As I recall it, Armstrong stepped out on to the Moon at about 3 a.m., GMT, and my father and I sat up to watch it – a most uncharacteristic thing for him to have done. I suppose, like me, he wanted to say he’d seen it happen (in many ways the fact that we could actually see it seemed at the time almost more extraordinary than the fact that they’d actually managed to land on the surface, even if the world then had to suppress its collective loathing as Nixon, then President, got to talk to the astronauts not long after).
Poor old Armstrong, and his badly rehearsed platitude. You fly hundreds of thousands of miles, and you mess up your welcome speech with a tautology, simply by omitting an indefinite article. Poor old Aldrin, too, going all that way, only to be second. (Poor old Collins, actually, to be flying the craft all that way, but never to step on the surface.)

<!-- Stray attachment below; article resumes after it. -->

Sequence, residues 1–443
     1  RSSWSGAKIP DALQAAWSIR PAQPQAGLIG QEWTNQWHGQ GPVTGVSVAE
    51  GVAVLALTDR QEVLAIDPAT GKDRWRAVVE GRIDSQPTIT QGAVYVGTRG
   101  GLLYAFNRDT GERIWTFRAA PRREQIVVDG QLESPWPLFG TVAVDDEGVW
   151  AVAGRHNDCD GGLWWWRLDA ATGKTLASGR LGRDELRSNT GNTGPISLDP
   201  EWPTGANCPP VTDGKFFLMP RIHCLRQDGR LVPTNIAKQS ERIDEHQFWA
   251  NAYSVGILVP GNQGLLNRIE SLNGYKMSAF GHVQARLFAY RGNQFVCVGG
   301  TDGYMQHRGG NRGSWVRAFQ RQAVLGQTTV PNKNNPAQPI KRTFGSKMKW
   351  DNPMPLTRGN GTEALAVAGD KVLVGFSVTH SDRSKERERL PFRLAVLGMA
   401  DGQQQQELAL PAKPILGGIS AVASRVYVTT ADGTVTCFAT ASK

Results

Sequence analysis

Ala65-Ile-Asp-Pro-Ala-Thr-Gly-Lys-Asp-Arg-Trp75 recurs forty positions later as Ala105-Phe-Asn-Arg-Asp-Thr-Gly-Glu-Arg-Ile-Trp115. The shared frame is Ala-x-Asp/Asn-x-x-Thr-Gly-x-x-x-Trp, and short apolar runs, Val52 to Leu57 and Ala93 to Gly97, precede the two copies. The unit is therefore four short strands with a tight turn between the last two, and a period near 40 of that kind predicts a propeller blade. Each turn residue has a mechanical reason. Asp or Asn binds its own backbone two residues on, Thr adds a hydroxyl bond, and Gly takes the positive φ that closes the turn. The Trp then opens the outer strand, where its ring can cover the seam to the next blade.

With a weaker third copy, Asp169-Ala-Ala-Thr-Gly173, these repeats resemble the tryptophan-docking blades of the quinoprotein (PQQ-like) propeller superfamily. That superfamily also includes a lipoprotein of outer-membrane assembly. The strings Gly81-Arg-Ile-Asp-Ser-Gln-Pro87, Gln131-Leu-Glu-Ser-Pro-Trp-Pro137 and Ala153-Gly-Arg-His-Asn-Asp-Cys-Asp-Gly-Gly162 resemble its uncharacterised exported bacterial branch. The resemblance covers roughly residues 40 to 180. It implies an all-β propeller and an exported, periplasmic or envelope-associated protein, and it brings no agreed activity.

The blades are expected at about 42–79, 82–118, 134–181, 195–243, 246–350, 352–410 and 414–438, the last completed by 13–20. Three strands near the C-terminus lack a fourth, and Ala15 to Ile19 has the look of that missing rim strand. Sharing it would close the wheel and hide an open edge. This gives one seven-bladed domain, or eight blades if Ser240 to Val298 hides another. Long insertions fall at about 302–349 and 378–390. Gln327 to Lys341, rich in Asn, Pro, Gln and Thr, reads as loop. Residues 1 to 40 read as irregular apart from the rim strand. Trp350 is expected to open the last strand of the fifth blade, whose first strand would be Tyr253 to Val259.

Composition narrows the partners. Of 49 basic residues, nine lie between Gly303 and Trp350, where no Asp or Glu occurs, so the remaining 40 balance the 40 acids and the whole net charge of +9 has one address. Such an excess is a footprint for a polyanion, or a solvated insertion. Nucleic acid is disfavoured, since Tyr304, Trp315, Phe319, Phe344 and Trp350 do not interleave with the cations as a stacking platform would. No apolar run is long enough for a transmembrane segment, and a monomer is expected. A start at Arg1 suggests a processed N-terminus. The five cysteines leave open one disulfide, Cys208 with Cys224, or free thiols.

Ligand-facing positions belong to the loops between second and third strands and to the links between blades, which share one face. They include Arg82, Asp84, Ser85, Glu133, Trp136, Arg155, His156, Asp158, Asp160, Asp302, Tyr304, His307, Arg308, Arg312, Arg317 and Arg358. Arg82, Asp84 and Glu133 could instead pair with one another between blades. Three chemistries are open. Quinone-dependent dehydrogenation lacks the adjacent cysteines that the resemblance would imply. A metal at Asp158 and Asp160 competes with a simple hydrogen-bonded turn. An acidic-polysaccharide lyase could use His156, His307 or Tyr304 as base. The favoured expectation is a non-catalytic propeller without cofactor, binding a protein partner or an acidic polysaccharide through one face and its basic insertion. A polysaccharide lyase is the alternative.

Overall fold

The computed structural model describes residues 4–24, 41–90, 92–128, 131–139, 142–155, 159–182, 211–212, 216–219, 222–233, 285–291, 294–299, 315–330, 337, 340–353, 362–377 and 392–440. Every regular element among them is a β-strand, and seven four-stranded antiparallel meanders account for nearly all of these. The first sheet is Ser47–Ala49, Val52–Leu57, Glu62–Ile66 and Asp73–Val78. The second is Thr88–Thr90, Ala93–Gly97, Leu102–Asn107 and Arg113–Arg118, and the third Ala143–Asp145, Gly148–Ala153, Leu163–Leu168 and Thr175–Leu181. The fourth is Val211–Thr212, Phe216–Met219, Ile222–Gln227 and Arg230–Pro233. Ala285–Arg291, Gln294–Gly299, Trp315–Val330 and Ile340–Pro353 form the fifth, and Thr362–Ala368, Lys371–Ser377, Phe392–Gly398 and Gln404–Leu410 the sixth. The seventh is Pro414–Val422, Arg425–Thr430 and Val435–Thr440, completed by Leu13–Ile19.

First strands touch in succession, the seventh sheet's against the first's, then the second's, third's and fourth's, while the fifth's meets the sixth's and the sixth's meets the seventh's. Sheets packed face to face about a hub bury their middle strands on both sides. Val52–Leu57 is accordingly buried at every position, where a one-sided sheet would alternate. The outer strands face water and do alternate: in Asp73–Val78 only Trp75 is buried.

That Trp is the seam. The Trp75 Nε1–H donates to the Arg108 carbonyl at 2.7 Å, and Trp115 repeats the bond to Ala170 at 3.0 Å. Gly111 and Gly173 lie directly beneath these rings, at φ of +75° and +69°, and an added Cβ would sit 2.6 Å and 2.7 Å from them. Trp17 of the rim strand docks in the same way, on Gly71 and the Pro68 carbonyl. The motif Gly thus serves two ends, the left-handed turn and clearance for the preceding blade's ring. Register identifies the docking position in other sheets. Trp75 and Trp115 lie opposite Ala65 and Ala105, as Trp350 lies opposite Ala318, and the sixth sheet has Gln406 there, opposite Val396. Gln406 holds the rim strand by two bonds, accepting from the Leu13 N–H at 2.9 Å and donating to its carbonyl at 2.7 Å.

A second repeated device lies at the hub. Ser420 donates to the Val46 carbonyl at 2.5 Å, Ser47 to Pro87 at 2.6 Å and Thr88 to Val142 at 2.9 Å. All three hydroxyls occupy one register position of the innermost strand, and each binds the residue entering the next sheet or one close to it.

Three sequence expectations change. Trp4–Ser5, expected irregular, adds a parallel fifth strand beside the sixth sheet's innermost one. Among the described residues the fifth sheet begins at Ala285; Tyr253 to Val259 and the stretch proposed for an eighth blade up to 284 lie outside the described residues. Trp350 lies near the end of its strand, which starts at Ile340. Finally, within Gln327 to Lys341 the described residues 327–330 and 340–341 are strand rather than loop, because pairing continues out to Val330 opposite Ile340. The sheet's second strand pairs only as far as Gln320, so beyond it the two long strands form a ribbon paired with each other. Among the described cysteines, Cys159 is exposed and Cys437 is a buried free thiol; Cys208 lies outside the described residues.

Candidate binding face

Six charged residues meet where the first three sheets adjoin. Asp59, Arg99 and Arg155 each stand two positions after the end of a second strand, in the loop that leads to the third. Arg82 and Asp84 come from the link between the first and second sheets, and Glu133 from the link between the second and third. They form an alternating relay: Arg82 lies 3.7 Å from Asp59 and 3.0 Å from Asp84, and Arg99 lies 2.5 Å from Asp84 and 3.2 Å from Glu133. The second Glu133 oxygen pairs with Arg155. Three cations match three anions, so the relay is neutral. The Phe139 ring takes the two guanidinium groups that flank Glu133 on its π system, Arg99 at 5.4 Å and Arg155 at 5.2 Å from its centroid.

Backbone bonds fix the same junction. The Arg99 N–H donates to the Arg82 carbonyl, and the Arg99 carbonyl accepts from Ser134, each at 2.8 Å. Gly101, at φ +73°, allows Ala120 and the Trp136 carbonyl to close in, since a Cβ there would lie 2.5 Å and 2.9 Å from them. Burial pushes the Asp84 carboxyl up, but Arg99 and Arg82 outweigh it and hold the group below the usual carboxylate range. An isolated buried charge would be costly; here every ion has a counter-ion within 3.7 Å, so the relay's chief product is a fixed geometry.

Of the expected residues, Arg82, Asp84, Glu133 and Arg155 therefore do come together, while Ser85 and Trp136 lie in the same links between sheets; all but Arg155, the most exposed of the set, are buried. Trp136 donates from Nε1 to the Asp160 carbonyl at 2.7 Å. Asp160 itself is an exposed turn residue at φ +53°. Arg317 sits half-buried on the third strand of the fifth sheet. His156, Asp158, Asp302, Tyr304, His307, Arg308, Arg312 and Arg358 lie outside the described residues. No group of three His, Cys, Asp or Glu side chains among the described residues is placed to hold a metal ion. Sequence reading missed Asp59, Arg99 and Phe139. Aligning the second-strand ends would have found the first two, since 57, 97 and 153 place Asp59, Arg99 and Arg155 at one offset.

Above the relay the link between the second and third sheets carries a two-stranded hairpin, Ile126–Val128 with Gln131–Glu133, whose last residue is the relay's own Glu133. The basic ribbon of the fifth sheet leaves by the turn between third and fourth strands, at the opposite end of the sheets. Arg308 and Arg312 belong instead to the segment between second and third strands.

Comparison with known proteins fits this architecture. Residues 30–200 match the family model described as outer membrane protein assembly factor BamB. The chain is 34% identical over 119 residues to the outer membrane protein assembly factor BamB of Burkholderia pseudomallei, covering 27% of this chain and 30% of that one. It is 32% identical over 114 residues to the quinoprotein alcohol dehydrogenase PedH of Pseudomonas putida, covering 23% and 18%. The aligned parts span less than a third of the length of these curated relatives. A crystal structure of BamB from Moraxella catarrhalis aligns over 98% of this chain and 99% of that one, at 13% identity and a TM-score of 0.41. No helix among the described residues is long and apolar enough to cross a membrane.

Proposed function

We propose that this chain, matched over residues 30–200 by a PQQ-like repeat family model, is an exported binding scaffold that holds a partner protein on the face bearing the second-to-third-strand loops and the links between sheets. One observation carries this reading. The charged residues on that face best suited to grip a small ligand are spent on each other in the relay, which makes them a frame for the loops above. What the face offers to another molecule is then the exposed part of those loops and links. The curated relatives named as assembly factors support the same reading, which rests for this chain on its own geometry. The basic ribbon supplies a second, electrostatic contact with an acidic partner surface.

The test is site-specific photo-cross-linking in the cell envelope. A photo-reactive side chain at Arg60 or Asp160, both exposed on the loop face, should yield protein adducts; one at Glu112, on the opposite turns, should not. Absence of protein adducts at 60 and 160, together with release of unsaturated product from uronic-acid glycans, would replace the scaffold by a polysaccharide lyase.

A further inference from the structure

For some reason, I had to get up early the next day, and go into Sunderland. Why, I cannot imagine. My mother shook me awake and I talked a stream of gibberish about lunar modules, as well I might, coming out of a strange dream. It was the end of an era – the end of Jules Verne, H.G. Wells, and, lest we forget, TinTin, who had also, courtesy of Herge, been to the moon and explored it.
I was at the bus-stop as quickly as I could, and stood there waiting for the No. 14 into the town centre. It wasn’t long before I was joined by a woman of advanced years i.e. my age now, carrying a capacious hold-all. A bus-stop is not, in the North East, a place for Trappists. I began to talk to her about the moon, the mission, the meaning, the landing, and so on. She stopped me mid-flow and gestured towards the sky.
‘They divent want to gan up there,’ she said. ‘They’ll put the light out.’